In this paper we investigate the effectiveness of development aid in recipient countries. Specifically, we analyze the relationship between per-capita income and foreign aid for a maximum of 131 recipient countries over the 1960 to 2006 period. We employ annual data and 5-year averages and, contrary to the previous literature, carefully examine the time-series properties of the data. The previous literature overlooks the non-existence of a long-run relationship between aid and growth and the presence of autocorrelated error terms. To address those problems, we apply panel time-series techniques (panel unit-root tests, panel cointegration tests, and panel dynamic feasible generalized least-squares estimation [DFGLS]). Estimations with DFGLS show that aid has an insignificant or minute negative significant impact on per-capita income. This holds for countries with both above- and below-average aid-to-GDP ratios, for different levels of human development, different income levels and different regions of the world. We also find that aid has a significantly positive (although small) impact on investment, but a significant negative impact on domestic savings (crowding out) and the real exchange rate (appreciation).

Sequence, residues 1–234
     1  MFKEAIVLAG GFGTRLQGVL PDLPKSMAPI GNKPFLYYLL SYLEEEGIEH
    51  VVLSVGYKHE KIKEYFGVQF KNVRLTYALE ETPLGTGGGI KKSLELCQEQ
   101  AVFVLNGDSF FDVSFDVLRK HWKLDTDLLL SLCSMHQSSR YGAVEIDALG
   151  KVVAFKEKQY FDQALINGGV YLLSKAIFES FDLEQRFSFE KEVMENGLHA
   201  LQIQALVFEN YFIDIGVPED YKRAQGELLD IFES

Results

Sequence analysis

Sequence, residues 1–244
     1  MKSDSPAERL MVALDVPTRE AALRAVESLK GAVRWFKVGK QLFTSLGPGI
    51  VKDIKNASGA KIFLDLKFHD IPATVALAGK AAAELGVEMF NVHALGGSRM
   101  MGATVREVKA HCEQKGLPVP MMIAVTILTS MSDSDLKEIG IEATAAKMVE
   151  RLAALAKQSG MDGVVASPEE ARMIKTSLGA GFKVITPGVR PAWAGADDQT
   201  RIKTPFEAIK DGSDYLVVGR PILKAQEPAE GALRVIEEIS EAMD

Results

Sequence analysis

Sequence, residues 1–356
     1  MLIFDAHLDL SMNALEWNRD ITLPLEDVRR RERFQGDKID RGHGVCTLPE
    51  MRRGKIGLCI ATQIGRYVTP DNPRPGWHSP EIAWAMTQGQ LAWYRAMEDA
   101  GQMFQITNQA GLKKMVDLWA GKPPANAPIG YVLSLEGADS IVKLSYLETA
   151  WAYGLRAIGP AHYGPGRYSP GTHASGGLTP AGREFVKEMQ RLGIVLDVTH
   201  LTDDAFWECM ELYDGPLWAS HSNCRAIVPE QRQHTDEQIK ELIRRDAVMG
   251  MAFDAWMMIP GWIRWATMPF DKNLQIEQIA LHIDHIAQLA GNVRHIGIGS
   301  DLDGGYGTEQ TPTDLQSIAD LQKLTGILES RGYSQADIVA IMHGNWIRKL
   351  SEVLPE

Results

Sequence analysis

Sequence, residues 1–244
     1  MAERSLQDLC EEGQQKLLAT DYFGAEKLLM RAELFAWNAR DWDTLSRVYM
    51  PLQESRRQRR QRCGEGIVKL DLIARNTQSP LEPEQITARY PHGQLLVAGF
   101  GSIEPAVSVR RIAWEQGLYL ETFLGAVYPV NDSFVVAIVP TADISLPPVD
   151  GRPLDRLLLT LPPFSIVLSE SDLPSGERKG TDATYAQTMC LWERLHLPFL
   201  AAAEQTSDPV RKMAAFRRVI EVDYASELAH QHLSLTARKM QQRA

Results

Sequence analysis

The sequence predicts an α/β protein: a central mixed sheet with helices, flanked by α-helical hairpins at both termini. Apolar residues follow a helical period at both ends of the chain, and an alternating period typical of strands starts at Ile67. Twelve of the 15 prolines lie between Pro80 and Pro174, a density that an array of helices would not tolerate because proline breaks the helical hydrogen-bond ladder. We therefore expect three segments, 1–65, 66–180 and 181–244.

real per-capita income
panel time-series techniques
dynamic feasible generalized linear least squares (DFGLS)
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